Bob Dylan Countdown #103: “License To Kill”Posted: February 19, 2012
Dylan didn’t quite get the recording of this song right on Infidels. There’s nothing inherently wrong with the music itself; Robbie Shakespeare’s stuttering bass line is the highlight. The problem is that the laid-back feel of the recording doesn’t jibe with the unsparing lyrics. You can sense the song’s true potential in the performance by Tom Petty & The Heartbreakers during the 30th Anniversary tribute concert to Dylan. Better yet, look up the video of Bob himself performing it on David Letterman in 1984, when it was given a more raucous arrangement and he sang it with some “Like A Rolling Stone”-style sneer.
Still, even with these drawbacks, that original recording still merits this pretty impressive spot on the list on the strength of those incendiary lyrics alone, as Dylan basically condemns all of humankind for its folly. He argues that we devour natural resources, resources which include all the people who are sucked into the lie, in the name of narcissism and ill-advised manifest destiny.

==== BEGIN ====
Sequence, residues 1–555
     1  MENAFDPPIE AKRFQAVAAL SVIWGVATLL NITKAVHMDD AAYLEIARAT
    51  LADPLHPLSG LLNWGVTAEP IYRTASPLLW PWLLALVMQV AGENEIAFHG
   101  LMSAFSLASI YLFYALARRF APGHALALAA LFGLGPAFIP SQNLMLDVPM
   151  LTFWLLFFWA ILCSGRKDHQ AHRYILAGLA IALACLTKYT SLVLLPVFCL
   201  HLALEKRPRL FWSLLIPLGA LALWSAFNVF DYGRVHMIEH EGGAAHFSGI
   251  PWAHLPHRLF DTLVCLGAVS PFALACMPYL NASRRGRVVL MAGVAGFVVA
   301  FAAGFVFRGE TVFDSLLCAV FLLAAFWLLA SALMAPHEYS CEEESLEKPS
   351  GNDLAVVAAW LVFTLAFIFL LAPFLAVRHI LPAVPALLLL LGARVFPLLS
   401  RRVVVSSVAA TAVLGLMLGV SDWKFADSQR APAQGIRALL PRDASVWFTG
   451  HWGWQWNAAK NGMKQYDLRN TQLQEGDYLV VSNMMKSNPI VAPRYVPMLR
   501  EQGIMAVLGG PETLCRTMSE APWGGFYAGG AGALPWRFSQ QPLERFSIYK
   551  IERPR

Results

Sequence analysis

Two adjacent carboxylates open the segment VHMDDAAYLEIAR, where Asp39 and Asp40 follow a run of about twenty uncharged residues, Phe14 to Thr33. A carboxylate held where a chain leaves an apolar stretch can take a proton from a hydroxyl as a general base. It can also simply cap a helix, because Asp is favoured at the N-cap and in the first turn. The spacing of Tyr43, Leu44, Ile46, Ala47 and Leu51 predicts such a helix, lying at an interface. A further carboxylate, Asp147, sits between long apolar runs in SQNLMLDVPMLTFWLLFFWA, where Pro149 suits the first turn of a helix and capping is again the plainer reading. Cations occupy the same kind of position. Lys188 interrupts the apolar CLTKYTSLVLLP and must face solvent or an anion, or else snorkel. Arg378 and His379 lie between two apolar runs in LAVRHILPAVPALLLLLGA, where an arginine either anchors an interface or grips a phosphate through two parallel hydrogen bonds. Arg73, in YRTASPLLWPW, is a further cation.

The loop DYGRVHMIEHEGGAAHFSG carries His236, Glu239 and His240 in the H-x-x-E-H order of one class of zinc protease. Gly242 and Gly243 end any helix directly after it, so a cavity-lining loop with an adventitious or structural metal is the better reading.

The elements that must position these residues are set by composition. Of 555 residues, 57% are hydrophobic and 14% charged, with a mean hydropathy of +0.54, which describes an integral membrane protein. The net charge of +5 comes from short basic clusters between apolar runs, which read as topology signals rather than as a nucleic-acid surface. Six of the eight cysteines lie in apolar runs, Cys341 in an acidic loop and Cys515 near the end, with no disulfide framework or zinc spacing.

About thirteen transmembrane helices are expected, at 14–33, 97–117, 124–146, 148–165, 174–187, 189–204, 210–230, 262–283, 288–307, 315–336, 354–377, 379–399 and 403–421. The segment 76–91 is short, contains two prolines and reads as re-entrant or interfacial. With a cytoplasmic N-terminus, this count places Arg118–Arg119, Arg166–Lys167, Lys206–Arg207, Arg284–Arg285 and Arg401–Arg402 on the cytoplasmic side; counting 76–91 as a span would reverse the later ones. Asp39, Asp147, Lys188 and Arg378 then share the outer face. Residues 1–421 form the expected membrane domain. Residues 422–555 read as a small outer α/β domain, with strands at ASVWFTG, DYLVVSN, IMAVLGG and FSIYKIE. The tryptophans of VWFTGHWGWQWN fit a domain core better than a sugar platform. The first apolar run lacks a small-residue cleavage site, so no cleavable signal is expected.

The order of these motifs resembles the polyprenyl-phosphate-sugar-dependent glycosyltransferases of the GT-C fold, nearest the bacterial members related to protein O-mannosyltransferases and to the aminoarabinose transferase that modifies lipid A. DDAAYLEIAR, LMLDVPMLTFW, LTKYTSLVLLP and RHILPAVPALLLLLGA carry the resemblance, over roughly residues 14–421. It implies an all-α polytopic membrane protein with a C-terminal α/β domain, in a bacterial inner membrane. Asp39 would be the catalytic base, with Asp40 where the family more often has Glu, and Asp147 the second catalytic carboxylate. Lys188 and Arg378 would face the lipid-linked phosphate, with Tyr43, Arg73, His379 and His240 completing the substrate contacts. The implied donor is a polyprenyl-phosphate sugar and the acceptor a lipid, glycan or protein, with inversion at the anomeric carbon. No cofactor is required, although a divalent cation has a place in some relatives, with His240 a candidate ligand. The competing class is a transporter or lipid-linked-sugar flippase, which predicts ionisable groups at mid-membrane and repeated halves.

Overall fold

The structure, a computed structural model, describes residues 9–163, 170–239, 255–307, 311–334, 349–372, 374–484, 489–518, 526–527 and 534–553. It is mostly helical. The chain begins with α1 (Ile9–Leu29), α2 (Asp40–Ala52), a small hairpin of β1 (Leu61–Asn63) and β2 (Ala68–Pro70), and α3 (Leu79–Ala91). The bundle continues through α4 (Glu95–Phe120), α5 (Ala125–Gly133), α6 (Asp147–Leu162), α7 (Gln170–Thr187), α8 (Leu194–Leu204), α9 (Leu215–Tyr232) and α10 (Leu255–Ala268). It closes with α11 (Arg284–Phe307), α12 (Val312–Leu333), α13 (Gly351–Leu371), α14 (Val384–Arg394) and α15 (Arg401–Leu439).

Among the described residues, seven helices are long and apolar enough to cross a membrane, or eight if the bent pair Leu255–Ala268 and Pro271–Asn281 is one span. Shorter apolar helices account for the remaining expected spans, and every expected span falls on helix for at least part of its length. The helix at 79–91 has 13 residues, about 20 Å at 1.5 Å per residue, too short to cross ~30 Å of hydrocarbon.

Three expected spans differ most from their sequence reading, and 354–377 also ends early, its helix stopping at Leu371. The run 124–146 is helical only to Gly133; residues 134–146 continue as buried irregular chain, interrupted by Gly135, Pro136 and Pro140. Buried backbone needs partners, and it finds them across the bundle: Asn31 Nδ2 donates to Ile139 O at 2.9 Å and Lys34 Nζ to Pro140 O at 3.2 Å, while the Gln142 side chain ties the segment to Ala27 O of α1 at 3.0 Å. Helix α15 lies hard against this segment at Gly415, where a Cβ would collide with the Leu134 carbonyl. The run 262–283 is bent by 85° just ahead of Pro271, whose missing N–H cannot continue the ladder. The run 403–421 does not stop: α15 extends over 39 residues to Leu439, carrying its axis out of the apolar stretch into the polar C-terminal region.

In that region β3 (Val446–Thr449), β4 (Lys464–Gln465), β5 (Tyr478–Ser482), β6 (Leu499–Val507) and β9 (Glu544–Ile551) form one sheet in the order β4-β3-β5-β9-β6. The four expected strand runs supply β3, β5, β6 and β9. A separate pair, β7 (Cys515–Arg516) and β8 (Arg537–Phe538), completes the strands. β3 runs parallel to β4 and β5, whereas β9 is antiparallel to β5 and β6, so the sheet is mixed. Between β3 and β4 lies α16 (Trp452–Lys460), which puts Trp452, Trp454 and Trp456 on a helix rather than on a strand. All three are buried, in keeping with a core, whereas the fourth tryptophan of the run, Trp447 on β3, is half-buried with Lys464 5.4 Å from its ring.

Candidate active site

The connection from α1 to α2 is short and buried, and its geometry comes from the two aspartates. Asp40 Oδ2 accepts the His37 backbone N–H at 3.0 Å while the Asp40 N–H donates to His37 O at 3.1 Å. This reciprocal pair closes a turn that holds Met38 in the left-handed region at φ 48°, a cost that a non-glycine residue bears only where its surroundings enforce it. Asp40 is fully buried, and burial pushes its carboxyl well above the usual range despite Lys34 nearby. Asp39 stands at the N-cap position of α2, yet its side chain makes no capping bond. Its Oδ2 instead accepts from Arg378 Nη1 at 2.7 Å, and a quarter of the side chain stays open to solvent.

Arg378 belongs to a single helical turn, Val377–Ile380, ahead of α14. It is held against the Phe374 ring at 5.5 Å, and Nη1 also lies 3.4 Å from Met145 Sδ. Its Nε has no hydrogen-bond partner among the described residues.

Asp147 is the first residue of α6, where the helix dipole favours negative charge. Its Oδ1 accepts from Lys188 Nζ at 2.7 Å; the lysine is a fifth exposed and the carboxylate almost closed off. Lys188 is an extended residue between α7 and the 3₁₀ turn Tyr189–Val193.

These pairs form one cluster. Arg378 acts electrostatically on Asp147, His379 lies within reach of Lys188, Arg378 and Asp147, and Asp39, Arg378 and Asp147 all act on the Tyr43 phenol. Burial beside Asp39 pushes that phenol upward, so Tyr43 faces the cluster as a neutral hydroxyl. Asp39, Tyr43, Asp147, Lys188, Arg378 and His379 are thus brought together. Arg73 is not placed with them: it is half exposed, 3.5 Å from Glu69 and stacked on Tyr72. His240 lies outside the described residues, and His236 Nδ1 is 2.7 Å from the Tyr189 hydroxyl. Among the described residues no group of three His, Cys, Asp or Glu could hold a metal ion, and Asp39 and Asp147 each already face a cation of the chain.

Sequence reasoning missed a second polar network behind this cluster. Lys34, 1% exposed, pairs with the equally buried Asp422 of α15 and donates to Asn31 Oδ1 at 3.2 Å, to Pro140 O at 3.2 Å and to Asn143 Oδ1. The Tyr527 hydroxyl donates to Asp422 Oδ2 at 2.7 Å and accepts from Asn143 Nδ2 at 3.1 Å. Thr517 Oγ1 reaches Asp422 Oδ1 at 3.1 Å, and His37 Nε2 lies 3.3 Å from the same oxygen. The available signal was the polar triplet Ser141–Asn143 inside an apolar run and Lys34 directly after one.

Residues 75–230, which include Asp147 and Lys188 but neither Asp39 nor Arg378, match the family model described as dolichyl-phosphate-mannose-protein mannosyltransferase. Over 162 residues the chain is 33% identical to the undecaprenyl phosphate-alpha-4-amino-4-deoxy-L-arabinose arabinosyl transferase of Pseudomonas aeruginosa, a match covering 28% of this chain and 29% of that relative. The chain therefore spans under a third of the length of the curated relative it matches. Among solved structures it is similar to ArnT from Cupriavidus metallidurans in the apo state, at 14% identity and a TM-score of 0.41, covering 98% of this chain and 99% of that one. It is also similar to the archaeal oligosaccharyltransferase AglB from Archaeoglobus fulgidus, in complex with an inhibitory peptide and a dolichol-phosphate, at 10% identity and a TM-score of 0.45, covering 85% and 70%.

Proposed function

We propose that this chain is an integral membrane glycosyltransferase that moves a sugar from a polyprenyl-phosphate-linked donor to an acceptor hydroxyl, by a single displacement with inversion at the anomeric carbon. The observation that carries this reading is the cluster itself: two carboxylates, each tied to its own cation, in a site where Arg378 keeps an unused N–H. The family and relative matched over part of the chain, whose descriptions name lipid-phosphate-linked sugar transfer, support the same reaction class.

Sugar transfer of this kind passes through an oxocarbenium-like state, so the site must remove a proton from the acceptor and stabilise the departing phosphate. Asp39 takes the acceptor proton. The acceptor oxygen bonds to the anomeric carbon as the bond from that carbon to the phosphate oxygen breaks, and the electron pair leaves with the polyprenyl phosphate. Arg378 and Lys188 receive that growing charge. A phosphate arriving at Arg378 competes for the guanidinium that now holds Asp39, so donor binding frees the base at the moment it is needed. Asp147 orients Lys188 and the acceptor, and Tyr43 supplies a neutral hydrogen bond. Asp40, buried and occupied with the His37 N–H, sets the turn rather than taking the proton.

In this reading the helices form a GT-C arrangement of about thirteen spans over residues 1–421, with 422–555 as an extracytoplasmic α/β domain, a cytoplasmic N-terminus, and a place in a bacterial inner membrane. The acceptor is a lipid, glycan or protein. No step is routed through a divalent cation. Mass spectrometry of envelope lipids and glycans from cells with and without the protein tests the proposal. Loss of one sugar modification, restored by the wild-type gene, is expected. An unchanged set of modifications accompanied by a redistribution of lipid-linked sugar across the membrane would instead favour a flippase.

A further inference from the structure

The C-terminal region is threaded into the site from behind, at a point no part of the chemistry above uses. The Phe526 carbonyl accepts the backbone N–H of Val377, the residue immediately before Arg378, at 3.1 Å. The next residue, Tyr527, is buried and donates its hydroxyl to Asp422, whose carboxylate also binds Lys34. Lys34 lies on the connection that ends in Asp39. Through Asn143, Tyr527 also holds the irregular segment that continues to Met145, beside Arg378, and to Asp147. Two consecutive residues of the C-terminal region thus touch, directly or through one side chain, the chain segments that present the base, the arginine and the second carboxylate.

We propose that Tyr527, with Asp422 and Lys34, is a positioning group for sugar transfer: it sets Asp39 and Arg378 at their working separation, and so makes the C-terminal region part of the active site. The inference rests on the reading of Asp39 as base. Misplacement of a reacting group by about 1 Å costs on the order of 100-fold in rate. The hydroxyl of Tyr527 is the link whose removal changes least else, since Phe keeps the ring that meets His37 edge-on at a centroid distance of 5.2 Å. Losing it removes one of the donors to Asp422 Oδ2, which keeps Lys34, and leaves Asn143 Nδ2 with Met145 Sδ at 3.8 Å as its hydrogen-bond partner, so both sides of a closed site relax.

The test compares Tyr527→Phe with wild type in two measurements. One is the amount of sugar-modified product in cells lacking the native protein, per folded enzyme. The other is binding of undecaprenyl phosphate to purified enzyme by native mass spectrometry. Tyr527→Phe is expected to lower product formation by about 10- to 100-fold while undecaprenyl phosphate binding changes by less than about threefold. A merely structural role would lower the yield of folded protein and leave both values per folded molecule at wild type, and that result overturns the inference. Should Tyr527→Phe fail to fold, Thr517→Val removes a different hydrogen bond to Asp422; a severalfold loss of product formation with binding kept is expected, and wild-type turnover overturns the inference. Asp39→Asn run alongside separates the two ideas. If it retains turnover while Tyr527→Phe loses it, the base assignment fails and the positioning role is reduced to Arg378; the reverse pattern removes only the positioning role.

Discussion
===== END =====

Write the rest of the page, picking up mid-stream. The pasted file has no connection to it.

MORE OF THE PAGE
Bob quickly lobs the first grenade when he sings in the opening verse, “Oh, man has invented his doom/First step was touching the moon.” As someone who has always been skeptical of the need for millions upon millions of dollars for the space program when there would seem to be more practical uses for that money on terra firma, I’d like to send Bob a telepathic high-five on that one.
He then follows that up by delineating how man is bred to believe that conquest by violence is the natural order of things. This Everyman that represents pretty much the whole human race in Dylan’s scenario can’t help himself: “All he believes are his eyes/And his eyes keep telling him lies.” The final end is always the same: “Then they bury him with stars/Sell his body like they do use cars.”
The only one who is aware of this grand deception is the oracle-like woman who appears in each chorus, asking the same question: “She say who gonna take away his license to kill?” She never gets an answer, but “License To Kill” aims to provoke us as listeners to provide her with one before it’s too late.
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